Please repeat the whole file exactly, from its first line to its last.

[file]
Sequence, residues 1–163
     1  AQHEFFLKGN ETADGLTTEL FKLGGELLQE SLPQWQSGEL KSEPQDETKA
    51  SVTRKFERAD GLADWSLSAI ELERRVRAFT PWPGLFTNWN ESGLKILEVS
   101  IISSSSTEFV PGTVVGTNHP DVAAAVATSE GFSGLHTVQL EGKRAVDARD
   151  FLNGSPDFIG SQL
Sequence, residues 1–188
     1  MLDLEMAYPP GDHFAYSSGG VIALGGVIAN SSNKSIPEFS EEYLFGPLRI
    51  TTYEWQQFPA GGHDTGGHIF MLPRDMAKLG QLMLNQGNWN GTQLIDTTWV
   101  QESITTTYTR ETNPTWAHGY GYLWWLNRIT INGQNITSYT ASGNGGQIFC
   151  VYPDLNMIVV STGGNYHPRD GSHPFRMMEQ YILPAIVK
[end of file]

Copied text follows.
Sequence, residues 1–163
     1  AQHEFFLKGN ETADGLTTEL FKLGGELLQE SLPQWQSGEL KSEPQDETKA
    51  SVTRKFERAD GLADWSLSAI ELERRVRAFT PWPGLFTNWN ESGLKILEVS
   101  IISSSSTEFV PGTVVGTNHP DVAAAVATSE GFSGLHTVQL EGKRAVDARD
   151  FLNGSPDFIG SQL
Sequence, residues 1–188
     1  MLDLEMAYPP GDHFAYSSGG VIALGGVIAN SSNKSIPEFS EEYLFGPLRI
    51  TTYEWQQFPA GGHDTGGHIF MLPRDMAKLG QLMLNQGNWN GTQLIDTTWV
   101  QESITTTYTR ETNPTWAHGY GYLWWLNRIT INGQNITSYT ASGNGGQIFC
   151  VYPDLNMIVV STGGNYHPRD GSHPFRMMEQ YILPAIVK